Dec. 15, 2011 - The Salado Christmas Tree Farm started in 1999, under the guiding hands of original owners Pete and Mavolyne Burnett, who planted the trees and started the traditions that have continued even after Susan and Bill Lawson bought the property in 2004. The Lawsons are putting the farm up for sale too, and they want the trees and traditions to continue, just as the Burnetts did when they sold the property to them.
The Burnetts planted 15 acres of mostly Afghanistan pine and Leyland cypress trees. Of the two trees, the Afghan pine has been especially adaptable to the extremes of Texas weather, genetically accustomed as it is to the extremes of Afghanistan weather. Families from Fort Hood with loved ones deployed in Afghanistan sometimes buy the hardy pines to feel a little closer to their loved ones stationed there. It's part of the reason the Lawsons have stayed with the Christmas trees, even if that wasn't part of the original plan.
"We still haven't figured out how we got in the Christmas tree business," Bill Lawson said recently at the farm in between morning field trips and the surge of customers that come after schools are dismissed for the day. "Bill and Mavolyne came back in November of that first year and we shadowed them, learning everything we could by watching them and helping. We might have thought we were getting into the Christmas tree business, but we're really in the people business."
Along with all the equipment it takes to run a Christmas tree farm and all the experience they could get from the Burnetts, part of the deal included families that have been buying their Christmas trees from the farm every December since the farm opened. Half of the farm's business comes from customers returning from previous years.
A certain amount of business comes from Fort Hood, where the Lawsons meet a lot families with a parent in various stages of deployment to Iraq and Afghanistan.
"Some of them are about to be deployed for the first time or for another time, and some parents are just getting back and this will be the family's first Christmas together in years," he said. "Christmas is important to them, and the right Christmas tree is part of that."
The Lawsons also ship in Frazier firs from North Carolina and the "imports" are popular, generally selling out each year. About 100 or so sales come from the home-grown trees and of those, the Afghan pine has proven to be the hardiest during the dry times. It actually suffers more in wet years, as Lawson found out during a soggy 2007 when he was late spraying for fungus and lost about a thousand trees.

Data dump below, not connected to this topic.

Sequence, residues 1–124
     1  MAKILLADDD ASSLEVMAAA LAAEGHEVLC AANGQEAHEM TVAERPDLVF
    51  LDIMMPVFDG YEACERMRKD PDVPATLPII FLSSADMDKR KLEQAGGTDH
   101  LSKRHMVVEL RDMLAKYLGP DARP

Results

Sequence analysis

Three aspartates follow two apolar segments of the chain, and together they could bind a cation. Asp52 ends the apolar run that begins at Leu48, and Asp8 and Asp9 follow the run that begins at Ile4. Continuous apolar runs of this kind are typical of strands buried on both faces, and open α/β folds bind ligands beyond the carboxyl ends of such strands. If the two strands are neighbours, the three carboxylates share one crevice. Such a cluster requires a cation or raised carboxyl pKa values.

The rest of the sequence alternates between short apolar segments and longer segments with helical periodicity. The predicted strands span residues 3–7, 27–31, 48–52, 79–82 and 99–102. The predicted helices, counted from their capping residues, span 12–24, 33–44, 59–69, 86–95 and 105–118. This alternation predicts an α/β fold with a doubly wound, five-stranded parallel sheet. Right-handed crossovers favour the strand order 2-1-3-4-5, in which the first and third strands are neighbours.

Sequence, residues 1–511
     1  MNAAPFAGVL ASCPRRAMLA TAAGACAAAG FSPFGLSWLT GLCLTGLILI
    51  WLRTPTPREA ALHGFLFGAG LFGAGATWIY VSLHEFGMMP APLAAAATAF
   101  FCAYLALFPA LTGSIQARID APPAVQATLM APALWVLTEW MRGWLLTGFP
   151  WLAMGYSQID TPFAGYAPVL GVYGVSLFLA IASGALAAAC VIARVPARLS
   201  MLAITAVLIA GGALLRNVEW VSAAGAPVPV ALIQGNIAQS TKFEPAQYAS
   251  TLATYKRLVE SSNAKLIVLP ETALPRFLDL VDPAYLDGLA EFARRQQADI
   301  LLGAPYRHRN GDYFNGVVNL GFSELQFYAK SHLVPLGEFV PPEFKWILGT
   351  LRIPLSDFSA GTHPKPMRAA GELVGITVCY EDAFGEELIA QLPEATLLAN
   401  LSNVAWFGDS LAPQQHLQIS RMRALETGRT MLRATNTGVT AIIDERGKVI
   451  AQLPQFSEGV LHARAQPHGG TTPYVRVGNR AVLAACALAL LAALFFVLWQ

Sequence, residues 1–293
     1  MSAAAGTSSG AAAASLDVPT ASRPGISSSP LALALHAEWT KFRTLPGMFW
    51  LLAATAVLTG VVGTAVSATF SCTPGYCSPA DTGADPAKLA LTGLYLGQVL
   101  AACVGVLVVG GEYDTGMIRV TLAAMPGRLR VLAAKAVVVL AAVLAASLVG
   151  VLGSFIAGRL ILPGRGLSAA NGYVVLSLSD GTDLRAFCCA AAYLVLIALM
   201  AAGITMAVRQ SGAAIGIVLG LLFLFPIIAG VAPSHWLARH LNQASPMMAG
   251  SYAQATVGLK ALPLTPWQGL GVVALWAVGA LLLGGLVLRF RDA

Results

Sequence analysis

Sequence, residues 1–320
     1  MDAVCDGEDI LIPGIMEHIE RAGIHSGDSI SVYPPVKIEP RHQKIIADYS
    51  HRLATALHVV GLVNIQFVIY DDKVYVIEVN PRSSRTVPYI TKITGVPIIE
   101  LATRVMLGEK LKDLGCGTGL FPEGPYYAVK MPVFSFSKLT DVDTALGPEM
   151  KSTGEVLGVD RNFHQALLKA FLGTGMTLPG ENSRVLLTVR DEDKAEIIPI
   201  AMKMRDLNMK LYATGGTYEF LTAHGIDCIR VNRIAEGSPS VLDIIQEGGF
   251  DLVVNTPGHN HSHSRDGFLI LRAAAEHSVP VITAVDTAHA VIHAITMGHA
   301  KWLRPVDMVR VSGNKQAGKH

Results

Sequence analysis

"The Leylands are very pretty, but if they don't get a lot of water, they turn yellow and you have to add iron and sulphur to get them balanced. The Afghans could care less," Lawson said.
An irrigation system installed by the Burnetts came with the farm when they bought it, and that source of water proved to be the difference this summer. Statewide, Christmas tree farms suffered extensive losses during one of the worst one-year droughts on record.
"The word we got from the Texas Christmas Tree Growers Association early this summer was that if you have irrigation, use it. If not, do what you can to keep the trees alive," Lawson said. "We used our irrigation sparingly, really just enough to keep them alive. We lost about 10 or 15 small trees."
Aside from timely fungicide applications, Lawson battles tip moths, which hit the Afghan pines two or three times a year. The caterpillars browns the tips, which have to be clipped. He also uses an herbicide to help keep rows between trees clean. Finally, the trees are sheared a bit to give that nice, Christmas tree shape.
The trimmings are used to make wreaths. They also sell pine garlands and other holiday items at small country store. The first weekend after Thanksgiving and the following week are the busiest weekends, but business stays brisk during most of December. The mornings are usually given over to field trips where students get to take a hayride and play games, and maybe even learn a little bit about growing trees. The evenings and weekends are when the families come, some of them bringing along a new generation to enjoy the family tradition of buying a tree at the Salado Christmas Tree Farm.
"It's like a homecoming every Christmas," he said. "We'd like to see that tradition kept alive here."